Cook crab cakes, in batches, in hot oil in a medium skillet over medium-high heat 3 to 4 minutes on each side or until golden. Serve with Watercress Vinaigrette. Makes 10 (2-ounce) crab cakes.
1 bunch fresh watercress
¼ cup apple cider vinegar
2 teaspoons minced shallots
1 tablespoon minced garlic
1 tablespoon Dijon mustard
1⁄8 teaspoon salt
¼ teaspoon freshly ground black pepper
¼ cup canola oil
Process first 7 ingredients in a food processor or blender until blended. With processor running, add oil in a slow, steady stream, and process until blended. Makes ¾ cup. ― Dan Thiessen, Seattle, Washington
Pour: 2004 Château Turcaud Entre-Deux-Mers.
This quite dry Sauvignon Blanc blend is refreshing and light, but will stand up to the crispness of the crab cakes.
Paula Merrell offers her favorite salmon recipe. "It's moist, delicious, and ready in 30 minutes," she says. "Serve with couscous and a fresh tossed garden salad and you have an elegant, easy meal."
Paula's Easiest Salmon Ever
½ cup water
3 tablespoons fresh lemon juice
1 (0.7-ounce) envelope Italian-style dressing mix
6 (6-ounce) salmon fillets
Stir together first 3 ingredients in a small bowl. Arrange salmon in a lightly greased 13- x 9-inch baking dish. Pour dressing mixture over fillets. Bake, covered, at 350° for 15 minutes. Remove cover and bake an additional 5 minutes or until desired degree of doneness. Makes 6 servings. ― Paula Merrell, Corona, California
Pour: 2004 David Bruce Central Coast Pinot Noir.
A stronger-tasting fish demands a mild red wine, rather than a white. This is fresh and fruity, and has nice acidity.
Patty Frank of Spring, Texas, says her citrus-flavored shrimp is a standout because "it's simple, with few ingredients, and the lemony sauce really complements the shrimp. We have a small cottage [in Galveston], about six houses from the beach, that we love to escape to every chance we get. Something about driving over the causeway makes us forget the challenges of our business life. There is a small seafood market close to our home. We can ride our bikes over and pick up shrimp, fish, crab―whatever. And what we make always tastes better [there] than it does back in the city."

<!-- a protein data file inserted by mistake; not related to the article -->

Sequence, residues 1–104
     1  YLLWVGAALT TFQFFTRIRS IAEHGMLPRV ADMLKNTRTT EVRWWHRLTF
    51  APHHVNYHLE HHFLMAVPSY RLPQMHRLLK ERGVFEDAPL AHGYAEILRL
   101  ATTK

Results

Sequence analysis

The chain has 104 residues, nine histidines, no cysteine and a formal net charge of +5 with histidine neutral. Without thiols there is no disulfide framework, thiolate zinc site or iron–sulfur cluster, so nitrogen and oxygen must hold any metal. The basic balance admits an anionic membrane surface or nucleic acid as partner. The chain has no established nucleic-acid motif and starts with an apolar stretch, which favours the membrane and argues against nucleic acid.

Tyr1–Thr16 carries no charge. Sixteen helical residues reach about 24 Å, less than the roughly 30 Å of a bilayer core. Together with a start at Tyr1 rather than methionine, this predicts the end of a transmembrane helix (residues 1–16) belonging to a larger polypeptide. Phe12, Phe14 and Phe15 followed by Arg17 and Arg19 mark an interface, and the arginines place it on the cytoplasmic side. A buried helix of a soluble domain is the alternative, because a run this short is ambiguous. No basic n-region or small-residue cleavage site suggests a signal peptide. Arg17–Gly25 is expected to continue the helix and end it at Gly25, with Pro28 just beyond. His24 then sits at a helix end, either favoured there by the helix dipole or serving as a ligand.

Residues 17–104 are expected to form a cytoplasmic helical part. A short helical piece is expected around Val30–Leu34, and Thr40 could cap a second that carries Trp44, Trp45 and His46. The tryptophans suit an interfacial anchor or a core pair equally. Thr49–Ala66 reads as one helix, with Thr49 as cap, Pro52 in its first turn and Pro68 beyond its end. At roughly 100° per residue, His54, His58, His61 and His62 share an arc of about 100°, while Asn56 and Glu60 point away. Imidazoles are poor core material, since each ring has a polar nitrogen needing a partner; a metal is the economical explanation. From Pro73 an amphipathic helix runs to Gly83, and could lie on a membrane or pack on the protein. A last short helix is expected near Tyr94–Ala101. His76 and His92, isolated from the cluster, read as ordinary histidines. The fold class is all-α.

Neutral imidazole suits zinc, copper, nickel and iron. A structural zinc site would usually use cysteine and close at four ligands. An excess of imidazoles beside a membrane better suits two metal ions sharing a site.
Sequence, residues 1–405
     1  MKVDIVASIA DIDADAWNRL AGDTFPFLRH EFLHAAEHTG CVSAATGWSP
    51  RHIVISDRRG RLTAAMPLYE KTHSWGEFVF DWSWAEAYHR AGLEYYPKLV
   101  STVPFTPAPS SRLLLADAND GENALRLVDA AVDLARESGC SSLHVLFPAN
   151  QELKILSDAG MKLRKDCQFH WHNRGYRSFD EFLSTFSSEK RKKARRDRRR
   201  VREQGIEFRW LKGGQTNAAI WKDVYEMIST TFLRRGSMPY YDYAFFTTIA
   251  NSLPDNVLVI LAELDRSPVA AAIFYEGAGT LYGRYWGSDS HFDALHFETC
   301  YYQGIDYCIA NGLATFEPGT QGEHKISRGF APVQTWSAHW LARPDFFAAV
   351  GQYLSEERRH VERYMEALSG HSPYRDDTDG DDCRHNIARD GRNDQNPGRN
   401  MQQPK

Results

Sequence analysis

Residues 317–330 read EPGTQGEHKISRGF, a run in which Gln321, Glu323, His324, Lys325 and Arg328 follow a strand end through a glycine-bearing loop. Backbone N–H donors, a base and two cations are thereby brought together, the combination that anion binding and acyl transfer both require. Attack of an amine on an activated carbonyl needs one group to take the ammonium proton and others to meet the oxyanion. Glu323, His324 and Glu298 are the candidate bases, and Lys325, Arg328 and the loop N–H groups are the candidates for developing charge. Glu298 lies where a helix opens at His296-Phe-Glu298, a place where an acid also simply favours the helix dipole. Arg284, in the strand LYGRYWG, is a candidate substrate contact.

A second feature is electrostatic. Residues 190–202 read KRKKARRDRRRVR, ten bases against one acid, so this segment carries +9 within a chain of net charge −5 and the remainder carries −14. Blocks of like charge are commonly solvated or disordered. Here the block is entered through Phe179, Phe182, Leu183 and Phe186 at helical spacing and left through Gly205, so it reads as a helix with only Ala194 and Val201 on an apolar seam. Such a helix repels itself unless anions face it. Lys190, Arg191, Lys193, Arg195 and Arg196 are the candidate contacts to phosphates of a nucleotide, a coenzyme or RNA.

Nearly Shrimp Paisano
1 pound unpeeled, large fresh shrimp
¾ cup half-and-half
1 cup all-purpose flour
½ cup vegetable oil
1 egg yolk
2 tablespoons fresh lemon juice
½ cup butter, divided
2 garlic cloves, minced
½ cup chopped fresh parsley
Peel shrimp and devein, if desired. Soak shrimp in half-and-half 10 minutes. Drain shrimp, and dredge in flour. Fry shrimp in hot oil over medium-high heat 3 minutes on each side or until golden.
Whisk together egg yolk and lemon juice in a heavy saucepan. Add ¼ cup butter, and stir over low heat until melted. Add garlic and remaining ¼ cup butter. Cook, stirring constantly, until butter melts and sauce thickens; stir in parsley. Pour sauce over shrimp, and serve immediately. Makes 2 to 3 servings. ― Patty Frank, Spring, Texas
Pour: 2002 Brampton Unoaked Chardonnay.
Wonderful pear flavors come through and stand up to this mildly citrusy dish.
The Case for Wine
George M. Taber, author of Judgment of Paris: California vs. France and the Historic 1976 Paris Tasting That Revolutionized Wine (Scribner, 2005) and a resident of Block Island, Rhode Island, selected wines to go with these dishes.
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